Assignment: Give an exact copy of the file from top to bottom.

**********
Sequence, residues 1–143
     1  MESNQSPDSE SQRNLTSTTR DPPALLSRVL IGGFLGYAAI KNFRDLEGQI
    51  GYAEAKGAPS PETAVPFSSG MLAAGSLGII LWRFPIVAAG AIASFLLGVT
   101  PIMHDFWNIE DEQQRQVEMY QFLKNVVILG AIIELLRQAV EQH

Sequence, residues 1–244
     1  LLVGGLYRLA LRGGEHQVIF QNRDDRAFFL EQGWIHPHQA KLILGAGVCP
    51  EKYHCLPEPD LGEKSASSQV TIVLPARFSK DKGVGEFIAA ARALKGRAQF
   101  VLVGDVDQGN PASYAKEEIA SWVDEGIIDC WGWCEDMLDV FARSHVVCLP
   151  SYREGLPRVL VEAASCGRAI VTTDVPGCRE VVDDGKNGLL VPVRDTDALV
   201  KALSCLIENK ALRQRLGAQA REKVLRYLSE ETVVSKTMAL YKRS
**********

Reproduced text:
Sequence, residues 1–143
     1  MESNQSPDSE SQRNLTSTTR DPPALLSRVL IGGFLGYAAI KNFRDLEGQI
    51  GYAEAKGAPS PETAVPFSSG MLAAGSLGII LWRFPIVAAG AIASFLLGVT
   101  PIMHDFWNIE DEQQRQVEMY QFLKNVVILG AIIELLRQAV EQH

Sequence, residues 1–244
     1  LLVGGLYRLA LRGGEHQVIF QNRDDRAFFL EQGWIHPHQA KLILGAGVCP
    51  EKYHCLPEPD LGEKSASSQV TIVLPARFSK DKGVGEFIAA ARALKGRAQF
   101  VLVGDVDQGN PASYAKEEIA SWVDEGIIDC WGWCEDMLDV FARSHVVCLP
   151  SYREGLPRVL VEAASCGRAI VTTDVPGCRE VVDDGKNGLL VPVRDTDALV
   201  KALSCLIENK ALRQRLGAQA REKVLRYLSE ETVVSKTMAL YKRS